Moonscape At  Mungo National Park by Ronald Rockman

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Moonscape At Mungo National Park by 

It was over 40 degrees at 7am when we started driving around the National Park., so beautiful to be there, hundreds of kangaroo’s lying under the saltbush shrubs, emu’s eveywhere and other wildlife.We drove on red powdered earth for over an hour to get there, what a trip.

Mungo National Park is a part of the Willandra Lakes World Heritage Area, a chain of dried-out lakes that were once strung between Willandra Creek and the main channel of the Lachlan River in Outback NSW.

Lake Mungo dried up around 14,000 years ago, and today a great crescent-shaped dune, called the Walls of China, stretches along the eastern shore of the lakebed. These dunes, of mud and sand, are continually eroding by wind and water. Left behind is a fragile landscape of crinkled, fluted outcrops and

shifting sand, which changes colour from a daytime khaki to the vibrant yellows, oranges, and deep wine reds of sun set.

It was at Mungo, in the drought-affected summer of 1969, that a young scientist stumbled across the remains of a cremated skeleton of a human, later to be known as Mungo Woman. Six years later, he found Mungo Man, buried in a pit strewn with ochre.

Carbon dating showed that Mungo woman was at least 26,000 years old, and that Mungo Man lived some 62,000 years ago. The discovery threatened to rewrite the history of human occupation in Australia, and had profound implications for the origins of modern man. More recently, the scientific consensus is that both skeletons are around 40,000 years old.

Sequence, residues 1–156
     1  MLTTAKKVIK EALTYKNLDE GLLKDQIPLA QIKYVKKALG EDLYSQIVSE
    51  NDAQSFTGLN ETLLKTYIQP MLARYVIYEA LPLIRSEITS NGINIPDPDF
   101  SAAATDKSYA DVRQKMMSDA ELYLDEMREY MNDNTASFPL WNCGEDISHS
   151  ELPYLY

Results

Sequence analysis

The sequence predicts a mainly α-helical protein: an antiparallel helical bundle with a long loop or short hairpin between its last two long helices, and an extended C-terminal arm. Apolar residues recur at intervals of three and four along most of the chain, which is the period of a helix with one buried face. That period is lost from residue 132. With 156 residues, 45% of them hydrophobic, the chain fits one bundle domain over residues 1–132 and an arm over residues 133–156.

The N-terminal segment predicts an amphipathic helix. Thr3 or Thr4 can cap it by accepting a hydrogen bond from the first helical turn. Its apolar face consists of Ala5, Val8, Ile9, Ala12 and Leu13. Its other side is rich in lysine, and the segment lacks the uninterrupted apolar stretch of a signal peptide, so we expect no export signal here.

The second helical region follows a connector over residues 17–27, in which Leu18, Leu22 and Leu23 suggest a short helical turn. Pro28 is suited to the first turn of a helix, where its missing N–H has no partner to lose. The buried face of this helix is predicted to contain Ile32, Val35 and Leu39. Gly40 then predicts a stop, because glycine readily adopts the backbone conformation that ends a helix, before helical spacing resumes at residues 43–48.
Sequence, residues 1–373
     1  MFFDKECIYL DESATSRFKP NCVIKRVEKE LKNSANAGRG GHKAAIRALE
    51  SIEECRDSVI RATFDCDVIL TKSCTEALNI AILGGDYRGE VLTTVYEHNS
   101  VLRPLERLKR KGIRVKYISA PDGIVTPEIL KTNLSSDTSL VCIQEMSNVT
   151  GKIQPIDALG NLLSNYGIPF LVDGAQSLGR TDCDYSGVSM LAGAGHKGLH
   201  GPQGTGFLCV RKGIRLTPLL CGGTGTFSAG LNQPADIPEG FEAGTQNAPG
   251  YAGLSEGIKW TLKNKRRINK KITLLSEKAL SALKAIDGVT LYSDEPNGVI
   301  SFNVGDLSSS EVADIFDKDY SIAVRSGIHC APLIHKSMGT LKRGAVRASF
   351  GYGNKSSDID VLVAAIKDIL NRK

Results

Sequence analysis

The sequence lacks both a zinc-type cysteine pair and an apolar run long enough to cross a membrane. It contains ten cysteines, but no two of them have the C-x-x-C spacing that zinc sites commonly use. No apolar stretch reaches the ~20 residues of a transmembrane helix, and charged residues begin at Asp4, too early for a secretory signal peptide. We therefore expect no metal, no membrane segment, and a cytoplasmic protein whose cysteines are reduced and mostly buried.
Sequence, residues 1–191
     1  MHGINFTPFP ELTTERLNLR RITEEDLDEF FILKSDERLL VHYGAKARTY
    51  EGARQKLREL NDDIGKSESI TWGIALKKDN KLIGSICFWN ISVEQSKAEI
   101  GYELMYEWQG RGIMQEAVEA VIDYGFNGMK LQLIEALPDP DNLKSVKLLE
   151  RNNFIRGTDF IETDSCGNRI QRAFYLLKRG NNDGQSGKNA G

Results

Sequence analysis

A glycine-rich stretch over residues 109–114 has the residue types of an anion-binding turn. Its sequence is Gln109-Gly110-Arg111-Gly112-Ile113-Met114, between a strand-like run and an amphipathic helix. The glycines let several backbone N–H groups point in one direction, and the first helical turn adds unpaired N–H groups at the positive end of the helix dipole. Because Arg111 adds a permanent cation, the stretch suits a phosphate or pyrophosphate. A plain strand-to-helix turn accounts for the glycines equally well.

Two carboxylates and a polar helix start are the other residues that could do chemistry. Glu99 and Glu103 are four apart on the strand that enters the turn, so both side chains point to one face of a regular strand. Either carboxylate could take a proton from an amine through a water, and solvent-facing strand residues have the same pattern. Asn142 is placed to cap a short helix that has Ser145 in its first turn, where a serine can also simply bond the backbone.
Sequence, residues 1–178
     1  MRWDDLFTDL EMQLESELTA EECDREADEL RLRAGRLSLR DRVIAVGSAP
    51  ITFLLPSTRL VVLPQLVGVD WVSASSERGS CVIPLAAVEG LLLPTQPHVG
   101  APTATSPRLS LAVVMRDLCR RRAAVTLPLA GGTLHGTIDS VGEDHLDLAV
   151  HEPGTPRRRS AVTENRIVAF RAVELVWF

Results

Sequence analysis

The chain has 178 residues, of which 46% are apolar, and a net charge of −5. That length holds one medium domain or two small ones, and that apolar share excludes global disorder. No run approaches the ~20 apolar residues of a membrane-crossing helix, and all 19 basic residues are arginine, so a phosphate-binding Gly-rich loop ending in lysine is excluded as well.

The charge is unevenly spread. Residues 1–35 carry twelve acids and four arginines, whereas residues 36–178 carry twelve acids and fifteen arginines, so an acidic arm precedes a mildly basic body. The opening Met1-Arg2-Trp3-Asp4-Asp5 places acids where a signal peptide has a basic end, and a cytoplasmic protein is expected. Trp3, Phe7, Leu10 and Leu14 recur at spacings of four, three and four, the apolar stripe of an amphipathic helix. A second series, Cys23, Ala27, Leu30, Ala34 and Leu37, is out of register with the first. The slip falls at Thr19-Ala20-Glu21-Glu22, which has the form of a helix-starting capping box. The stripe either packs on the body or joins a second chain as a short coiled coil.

Stone flake tools are scattered across the landscape, and peeking out of the mud are ancient wombat holes, fossilised chunks of Eucalyptus trees, and the bones of long-dead marsupials, including extinct buffalo-sized wombats and giant kangaroos.


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Published in Leica Fotographic Magazine and 3 times in Australian Traveller Magazine.

Finalist in the 2011 Australia Day Council of NSW “Living Australia” photographic competitions and have won many awards for my images.

A winner in the 2012 Australia Day Council of NSW “Living Australia” photographic competition.

An Australia Post Postage Stamp made of my winning photograph in 2012

Exhibited at The Maritime Museum in Sydney and The Melbourne Exhibition Centre.

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  • Adam Godman
    Adam Godmanalmost 6 years ago

    Great shot, i had no idea about the Mungo Man

  • Interesting huh Adam
    Thanks for the comment

    – Ronald Rockman

  • Maximus
    Maximusalmost 6 years ago

    I have not been there YET, gorgeous image. :)

  • Go now !!

    – Ronald Rockman

  • Yool
    Yoolalmost 6 years ago

    This is stunning and love the history !!!!

  • Thanks Yool, amazing place to go to in the wilderness outback of NSW

    – Ronald Rockman

  • – Ronald Rockman

  • Natalie Broome
    Natalie Broomealmost 6 years ago

    fantastic capture Ronald!

  • Thanks Nat, loved being there

    – Ronald Rockman

  • Marcia Luly
    Marcia Lulyalmost 6 years ago

    Nice capture of the solitude and vastness that is Mungo!

  • Mungo Rocks !!
    Thanks Lulybelle

    – Ronald Rockman

  • Thanks Lulybelle, have you been after all it’s only a hop skip and jump from Benders

    – Ronald Rockman

  • robpixaday
    robpixadayalmost 6 years ago

    Goodness…….it’s jaw-droppingly amazing.
    You captured most of the world there, it looks like— it goes on forever…….

  • Thanks for the desciptive comment Rob, yes an amazing awesome place to have travelled to

    – Ronald Rockman

  • Marcia Luly
    Marcia Lulyalmost 6 years ago

    Hi Rock…Yes i’ve been to Mungo and loved it…want to go again!

  • So do I Marcia, so do I

    – Ronald Rockman

  • Of Land & Ocean - Samantha Goode
    Of Land & Ocea...over 5 years ago

    Superb photograph Ronald.

  • Hi Samantha, how about a BIG belated thanks for your comment.

    – Ronald Rockman

  • – Ronald Rockman

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